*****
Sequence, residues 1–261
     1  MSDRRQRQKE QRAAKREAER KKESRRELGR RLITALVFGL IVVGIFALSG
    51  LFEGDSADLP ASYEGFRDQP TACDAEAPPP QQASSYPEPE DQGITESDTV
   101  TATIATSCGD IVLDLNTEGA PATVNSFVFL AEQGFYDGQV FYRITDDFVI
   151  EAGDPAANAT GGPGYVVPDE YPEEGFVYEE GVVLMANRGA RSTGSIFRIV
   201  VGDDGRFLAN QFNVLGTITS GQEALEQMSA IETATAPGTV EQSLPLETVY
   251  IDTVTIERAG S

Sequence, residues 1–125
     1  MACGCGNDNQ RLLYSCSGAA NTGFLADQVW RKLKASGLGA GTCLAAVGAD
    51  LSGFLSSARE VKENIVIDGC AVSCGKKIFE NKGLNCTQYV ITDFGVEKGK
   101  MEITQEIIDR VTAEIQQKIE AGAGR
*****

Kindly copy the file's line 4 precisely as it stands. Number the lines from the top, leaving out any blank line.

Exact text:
   101  TATIATSCGD IVLDLNTEGA PATVNSFVFL AEQGFYDGQV FYRITDDFVI